International Report Paints Global Picture of Dementia
It turns out that it’s going to take a whole world to take care of people who have Alzheimer’s. And governments around the world need to take notice!
That’s one of the key messages in a new report, “World Alzheimer Report 2013: Journey of Caring” by Alzheimer’s Disease International, a group of 79 Alzheimer’s associations, and Bupa, the largest international provider of dementia care. The report looks at the latest global and regional trends of older people who need dementia care and offers an analysis of long-term care systems globally. For instance, more than 35 million people around the world currently have some form of dementia. This number is expected to double by 2030 and then triple to 115 million by 2050.
There are some interesting points made in this report. For instance, the researchers define “dependence” as “the need for frequently human help or care beyond that habitually required by a healthy adult” and this care is “beyond what would be expected by virtue of family or social ties.” Based on this definition, approximately one in 20 people around the world is dependent. Of these people, 1 percent is comprised of children between the ages of zero and 14 years of age while 13 percent are among people who are 60 years of age or above.
This change in dependence is based on aging. In fact, the number of older people who will need care is anticipated to triple to 277 million by 2050.
“Increases in numbers of dependent older people will be particularly dramatic in low and middle income countries,” the report states. Long-term care for the older population tends to be primarily for people who have dementia. Approximately 50 percent of all people who have dementia need some level of personal care; furthermore, the remainder will eventually need this type of help over time. The report appoints out that around 50 percent of all people who need personal care have dementia and 80 percent of older people who are in nursing homes have been diagnosed with dementia.
Because of these findings and the tremendous growth of people who are diagnosed with dementia anticipated in the coming years, the report’s authors encourage policymakers to “pay much more attention to the importance of dementia as the most common underlying condition, and, very often, the root cause of older people’s needs for care.” They point out that the costs of long-term care – both currently and in the future – will largely be driven by the course of the global dementia epidemic. Obviously, the best way to deal with this issue is to find a way to prevent dementia. However, until that is the case, the report’s authors call for governments across the world to make policies and plans for providing and financing long-term care.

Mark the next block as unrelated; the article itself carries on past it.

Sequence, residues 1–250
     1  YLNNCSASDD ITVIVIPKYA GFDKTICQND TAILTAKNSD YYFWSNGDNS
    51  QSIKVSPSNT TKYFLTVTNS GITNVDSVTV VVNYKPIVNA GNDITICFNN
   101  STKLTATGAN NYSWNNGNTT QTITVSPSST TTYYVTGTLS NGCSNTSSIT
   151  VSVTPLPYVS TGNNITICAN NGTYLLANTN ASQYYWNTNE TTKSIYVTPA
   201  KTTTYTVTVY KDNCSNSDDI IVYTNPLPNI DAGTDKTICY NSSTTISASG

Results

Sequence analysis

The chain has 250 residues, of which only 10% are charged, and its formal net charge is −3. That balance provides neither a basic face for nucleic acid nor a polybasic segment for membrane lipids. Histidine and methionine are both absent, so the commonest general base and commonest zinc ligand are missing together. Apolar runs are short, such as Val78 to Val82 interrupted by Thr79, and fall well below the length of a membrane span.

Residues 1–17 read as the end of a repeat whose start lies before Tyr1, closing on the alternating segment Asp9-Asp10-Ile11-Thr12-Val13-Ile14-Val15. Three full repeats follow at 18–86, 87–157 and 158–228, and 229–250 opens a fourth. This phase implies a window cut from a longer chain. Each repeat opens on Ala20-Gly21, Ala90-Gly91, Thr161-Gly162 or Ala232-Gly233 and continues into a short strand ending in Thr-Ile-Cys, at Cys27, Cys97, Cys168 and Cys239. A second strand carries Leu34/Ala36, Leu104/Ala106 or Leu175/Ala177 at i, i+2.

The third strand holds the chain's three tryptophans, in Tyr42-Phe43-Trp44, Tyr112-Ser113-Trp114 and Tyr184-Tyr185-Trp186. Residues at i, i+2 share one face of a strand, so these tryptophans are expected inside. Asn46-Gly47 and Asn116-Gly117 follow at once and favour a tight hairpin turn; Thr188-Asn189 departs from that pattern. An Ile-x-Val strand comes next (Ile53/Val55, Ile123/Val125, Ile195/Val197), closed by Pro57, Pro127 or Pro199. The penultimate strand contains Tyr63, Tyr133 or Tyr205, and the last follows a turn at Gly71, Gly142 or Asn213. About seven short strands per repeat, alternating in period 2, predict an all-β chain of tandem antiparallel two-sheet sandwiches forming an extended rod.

The report has several recommendations, which include:
- Dementia should be a priority for governments, who should develop and implement a national plan. In addition, governments should encourage urgent national debates on long-term care options for the future.
- Systems need to be established so that the quality of dementia care can be monitored, whether it’s in care homes or in the community.
- The voices of people with dementia and their caregivers should be prioritized, thus encouraging them to have autonomy and choice during all stages of dementia.
- The health care system should be integrated and coordinated with the social care system in order to provide for the needs of people who have dementia.
- Caregivers who are on the front line of dementia care must be adequately trained. Furthermore, systems need to be put in place so that paid and unpaid caregivers can receive appropriate financial support so that the informal care system is sustained and the recruitment and retention of paid caregivers is improved.
- Care that is provided in care homes is preferred by a significant minority. If the unpaid work of family caregivers is properly valued, this type of care can provide quality of life with comparable costs.
- The quality of care provided in care homes needs to be monitored based on the quality of life and satisfaction of residents as well as routine inspections.
Primary Source for This Sharepost:
Alzheimer’s Disease International. (2013). World Alzheimer report 2013: journey of caring.